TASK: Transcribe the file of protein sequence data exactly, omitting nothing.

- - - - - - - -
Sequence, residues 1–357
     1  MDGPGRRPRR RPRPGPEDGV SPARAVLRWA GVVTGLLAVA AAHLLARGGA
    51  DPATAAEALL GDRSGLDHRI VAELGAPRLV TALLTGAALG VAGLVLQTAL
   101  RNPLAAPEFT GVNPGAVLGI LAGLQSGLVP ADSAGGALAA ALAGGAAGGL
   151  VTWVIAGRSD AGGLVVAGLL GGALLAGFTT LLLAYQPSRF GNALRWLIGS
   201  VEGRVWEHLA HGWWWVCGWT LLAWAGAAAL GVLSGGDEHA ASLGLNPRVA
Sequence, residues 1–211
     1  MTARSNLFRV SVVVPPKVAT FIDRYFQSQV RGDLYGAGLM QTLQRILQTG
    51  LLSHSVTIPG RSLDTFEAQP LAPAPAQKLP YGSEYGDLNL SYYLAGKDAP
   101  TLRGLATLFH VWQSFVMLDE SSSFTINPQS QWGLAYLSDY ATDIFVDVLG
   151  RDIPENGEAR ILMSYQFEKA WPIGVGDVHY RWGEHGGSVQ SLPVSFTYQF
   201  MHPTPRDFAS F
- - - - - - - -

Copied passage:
Sequence, residues 1–357
     1  MDGPGRRPRR RPRPGPEDGV SPARAVLRWA GVVTGLLAVA AAHLLARGGA
    51  DPATAAEALL GDRSGLDHRI VAELGAPRLV TALLTGAALG VAGLVLQTAL
   101  RNPLAAPEFT GVNPGAVLGI LAGLQSGLVP ADSAGGALAA ALAGGAAGGL
   151  VTWVIAGRSD AGGLVVAGLL GGALLAGFTT LLLAYQPSRF GNALRWLIGS
   201  VEGRVWEHLA HGWWWVCGWT LLAWAGAAAL GVLSGGDEHA ASLGLNPRVA
Sequence, residues 1–211
     1  MTARSNLFRV SVVVPPKVAT FIDRYFQSQV RGDLYGAGLM QTLQRILQTG
    51  LLSHSVTIPG RSLDTFEAQP LAPAPAQKLP YGSEYGDLNL SYYLAGKDAP
   101  TLRGLATLFH VWQSFVMLDE SSSFTINPQS QWGLAYLSDY ATDIFVDVLG
   151  RDIPENGEAR ILMSYQFEKA WPIGVGDVHY RWGEHGGSVQ SLPVSFTYQF
   201  MHPTPRDFAS F